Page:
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I recently had a major client terminate their Service Level Agreement (SLA) with my company in Canada, and I'm trying to assess what rights as a contractor I have since my fixed term SLA has what appear to be contradictory conditions.

My SLA contract with them, which lasted just for under a year, specifies it's a fixed term contract:

This contract will be in effect until the end of the current financial year, February 29, 2016. It is anticipated that this contract will be renewed on an annual basis subject to agreement by both parties.

Key considerations will be delivery of satisfactory performance by XXX [me] and agreement with regards to compensation terms.

In preparation for signing a new contract YYY's Executive Director [the client] will meet with xxx's principal [me] to review the previous year’s performance and to discuss future compensation terms.

However, this fixed term contract also has a provision that says:

Contract Commencement, Revision & Termination

The term of this contract commences upon signing by both parties. Regardless of the contract end date, at any time either party has the right to give notice to end this contract 90 days from the date of notice. During the notice period XXX will be expected to deliver IT services and will continue to be paid as per the terms of this contract.


I was served notice to stop working on the project on February 8th, just weeks before the contract's expiry. I was told they would pay me out for all of February (the last month of the contract), and that in addition to this, they would also pay me for an extra month if I agree to sign a two year non-solicitation agreement, a non-disclosure agreement and cooperate with a technical transition.

I did not receive a performance review, though I did receive promises to discuss negotiating a new contract.

However, because the notice period makes mention of the 90 days of notice, I sense that I should be entitled to at least 3 months of notice payout for the contract termination.

Based on the wording of this fixed term contract, do I have a legal right to demand 90 days of notice pay, even though my contract's termination is happening at the end its fixed term?


UPDATE: Turns out they want me to sign a non-solicitation agreement, so I think the extra month of compensation pay is being offered because in Canada non-solicitation agreements are not enforceable unless something of value is provided in exchange for signing one.

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    Don't forget, February 31st was also Free Big Mac Day at all the McDonalds around the globe! – Canadian Luke REINSTATE MONICA Mar 8 '16 at 20:25
  • Sorry, I changed the actual days involved in this contract for anonymity. I will edit it to February 29th so that it makes sense. – joekickback Mar 8 '16 at 21:34
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Ignoring the non-existent expiry date, it seems they have no obligations after February 2016. The renewal was anticipated but not guaranteed - and since there apparently have been no talks regarding extension, the contract simply expires.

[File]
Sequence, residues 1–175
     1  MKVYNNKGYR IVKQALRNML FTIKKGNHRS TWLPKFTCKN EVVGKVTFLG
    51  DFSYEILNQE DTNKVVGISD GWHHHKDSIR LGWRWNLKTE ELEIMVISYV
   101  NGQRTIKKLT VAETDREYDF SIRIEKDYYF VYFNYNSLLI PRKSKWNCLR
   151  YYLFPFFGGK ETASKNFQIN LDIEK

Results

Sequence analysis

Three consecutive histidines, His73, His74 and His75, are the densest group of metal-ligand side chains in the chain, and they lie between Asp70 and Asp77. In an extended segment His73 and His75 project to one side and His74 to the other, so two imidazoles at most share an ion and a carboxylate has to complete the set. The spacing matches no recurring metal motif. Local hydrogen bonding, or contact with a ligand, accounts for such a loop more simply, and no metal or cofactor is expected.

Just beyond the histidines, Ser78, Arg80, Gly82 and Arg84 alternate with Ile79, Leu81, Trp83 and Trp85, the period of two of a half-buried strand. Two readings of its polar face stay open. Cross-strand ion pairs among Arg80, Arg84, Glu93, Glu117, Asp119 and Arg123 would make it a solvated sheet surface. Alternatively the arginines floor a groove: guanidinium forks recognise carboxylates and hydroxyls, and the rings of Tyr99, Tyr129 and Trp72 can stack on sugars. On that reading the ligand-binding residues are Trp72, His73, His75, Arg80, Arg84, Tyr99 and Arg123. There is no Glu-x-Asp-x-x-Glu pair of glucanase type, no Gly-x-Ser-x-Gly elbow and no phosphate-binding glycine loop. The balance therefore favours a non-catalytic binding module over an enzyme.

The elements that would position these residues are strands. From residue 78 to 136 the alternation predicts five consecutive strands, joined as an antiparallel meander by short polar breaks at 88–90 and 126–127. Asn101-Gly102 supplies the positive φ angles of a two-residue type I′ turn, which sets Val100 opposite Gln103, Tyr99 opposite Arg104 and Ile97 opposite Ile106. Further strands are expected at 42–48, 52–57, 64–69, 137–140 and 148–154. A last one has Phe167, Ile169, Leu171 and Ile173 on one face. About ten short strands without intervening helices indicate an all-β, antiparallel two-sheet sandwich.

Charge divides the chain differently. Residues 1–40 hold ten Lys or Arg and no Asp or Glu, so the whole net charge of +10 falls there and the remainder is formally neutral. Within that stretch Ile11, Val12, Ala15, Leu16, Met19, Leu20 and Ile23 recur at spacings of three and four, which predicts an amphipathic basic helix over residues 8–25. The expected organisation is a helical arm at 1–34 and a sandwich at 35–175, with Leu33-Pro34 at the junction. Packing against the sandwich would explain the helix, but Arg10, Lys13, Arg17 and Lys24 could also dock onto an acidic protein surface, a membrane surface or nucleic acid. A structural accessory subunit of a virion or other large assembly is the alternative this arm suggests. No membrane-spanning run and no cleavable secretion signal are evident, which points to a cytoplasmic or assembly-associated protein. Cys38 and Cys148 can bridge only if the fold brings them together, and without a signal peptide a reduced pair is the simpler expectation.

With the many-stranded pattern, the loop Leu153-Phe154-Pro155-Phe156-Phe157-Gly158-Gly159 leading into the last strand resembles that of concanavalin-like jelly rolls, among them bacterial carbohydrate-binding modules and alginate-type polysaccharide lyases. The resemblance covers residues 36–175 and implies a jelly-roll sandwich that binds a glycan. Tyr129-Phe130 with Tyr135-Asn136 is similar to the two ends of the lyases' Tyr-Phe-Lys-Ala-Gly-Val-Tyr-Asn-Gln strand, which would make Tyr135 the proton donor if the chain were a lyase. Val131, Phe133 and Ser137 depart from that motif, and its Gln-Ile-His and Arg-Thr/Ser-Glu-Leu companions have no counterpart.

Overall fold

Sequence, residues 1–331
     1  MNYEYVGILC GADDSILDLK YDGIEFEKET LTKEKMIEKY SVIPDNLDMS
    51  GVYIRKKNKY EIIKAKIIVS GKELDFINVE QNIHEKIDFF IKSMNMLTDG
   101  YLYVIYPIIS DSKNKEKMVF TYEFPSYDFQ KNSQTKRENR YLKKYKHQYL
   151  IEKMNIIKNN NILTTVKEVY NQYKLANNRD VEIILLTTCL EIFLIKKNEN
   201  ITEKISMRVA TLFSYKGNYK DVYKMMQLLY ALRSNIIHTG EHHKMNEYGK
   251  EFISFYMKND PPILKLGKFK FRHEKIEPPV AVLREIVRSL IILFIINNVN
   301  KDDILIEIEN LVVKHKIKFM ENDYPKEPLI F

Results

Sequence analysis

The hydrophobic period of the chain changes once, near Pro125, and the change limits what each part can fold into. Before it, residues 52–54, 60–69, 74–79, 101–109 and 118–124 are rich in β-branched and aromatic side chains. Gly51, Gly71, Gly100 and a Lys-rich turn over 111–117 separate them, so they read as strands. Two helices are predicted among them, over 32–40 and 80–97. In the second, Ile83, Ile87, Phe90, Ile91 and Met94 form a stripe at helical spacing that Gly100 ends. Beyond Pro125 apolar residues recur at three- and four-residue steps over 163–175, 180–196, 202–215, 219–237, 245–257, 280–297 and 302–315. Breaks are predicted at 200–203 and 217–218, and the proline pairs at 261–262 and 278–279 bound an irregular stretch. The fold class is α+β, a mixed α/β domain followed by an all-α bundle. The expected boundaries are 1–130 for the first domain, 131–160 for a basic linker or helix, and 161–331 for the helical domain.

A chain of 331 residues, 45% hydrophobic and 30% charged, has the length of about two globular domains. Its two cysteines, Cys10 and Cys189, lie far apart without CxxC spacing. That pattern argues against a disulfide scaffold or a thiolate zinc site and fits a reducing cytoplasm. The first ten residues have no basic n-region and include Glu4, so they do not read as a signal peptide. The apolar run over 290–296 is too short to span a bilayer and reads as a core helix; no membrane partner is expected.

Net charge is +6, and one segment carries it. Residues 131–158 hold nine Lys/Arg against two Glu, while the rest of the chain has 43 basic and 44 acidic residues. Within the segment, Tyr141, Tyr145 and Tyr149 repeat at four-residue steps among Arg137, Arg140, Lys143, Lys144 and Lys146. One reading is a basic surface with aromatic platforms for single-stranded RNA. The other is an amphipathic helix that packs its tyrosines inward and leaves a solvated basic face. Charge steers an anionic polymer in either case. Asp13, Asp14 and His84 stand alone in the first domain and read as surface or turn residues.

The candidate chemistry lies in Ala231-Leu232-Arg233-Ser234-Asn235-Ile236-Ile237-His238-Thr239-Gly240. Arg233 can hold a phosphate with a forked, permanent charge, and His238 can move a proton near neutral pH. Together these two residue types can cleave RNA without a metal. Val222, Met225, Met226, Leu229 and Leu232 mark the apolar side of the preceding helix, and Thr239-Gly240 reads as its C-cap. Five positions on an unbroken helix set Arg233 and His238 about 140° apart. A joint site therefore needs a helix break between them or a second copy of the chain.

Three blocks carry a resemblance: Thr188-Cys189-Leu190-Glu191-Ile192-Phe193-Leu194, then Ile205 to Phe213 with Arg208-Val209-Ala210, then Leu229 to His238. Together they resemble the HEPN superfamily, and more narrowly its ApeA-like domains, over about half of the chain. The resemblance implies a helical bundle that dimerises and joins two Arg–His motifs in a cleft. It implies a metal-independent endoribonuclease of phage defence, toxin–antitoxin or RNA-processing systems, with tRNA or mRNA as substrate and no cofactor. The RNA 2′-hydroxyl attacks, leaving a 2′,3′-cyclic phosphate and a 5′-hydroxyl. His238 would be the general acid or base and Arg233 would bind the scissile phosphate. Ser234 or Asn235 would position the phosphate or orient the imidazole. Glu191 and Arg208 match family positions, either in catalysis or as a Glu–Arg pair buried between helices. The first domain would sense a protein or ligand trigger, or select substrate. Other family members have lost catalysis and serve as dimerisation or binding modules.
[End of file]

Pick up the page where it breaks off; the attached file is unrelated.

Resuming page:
I would expect the 90 day period is for premature termination of the contract.

In addition, I would expect the contract to state the the anticipated extension should take place 1 or 2 months prior to expiry.

Compared to contract terminations I have experienced during my freelancing (in Denmark/Sweden), I actually find their payment offer quite generous as it even goes beyond their obligations.

  • I agree (no obligations after Feb 2016 and generous terms in contract). I'm a contractor of 20+ years and prior notice periods for me were typically 2-4weeks, or none if the project was cancelled. Contracting is a service industry and your rate differs from an employee precisely to help you cover the cost of expenses/insurance/tax/early termination. In this case, the contract went full term. With all due greatest respect, you need forget the employee mentality and see yourself first as a service provider. – fiprojects Mar 8 '16 at 9:12
  • I previously answered something on startups stackexchange that might be of interest to you... startups.stackexchange.com/questions/8576/… – fiprojects Mar 8 '16 at 9:24
  • @fiprojects This was my only client so to be honest I'm not really worried about the professional implications of pushing hard on the conditions if I can. The generous terms partly reflect the fact that I have been working on this project for nearly two years, but only recently as contractor through a company set up by me. – joekickback Mar 8 '16 at 22:04
  • @morsor I updated my question to show part of the contract that did discuss a review mechanism, as you see though it does not include dates for when to do this. – joekickback Mar 8 '16 at 23:58
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    Still - you have been paid in full. Now you move on. – morsor Mar 9 '16 at 7:21
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"The right to give notice" is not the same as "required to give notice". The second clause you have quoted is about terminating the contract early.

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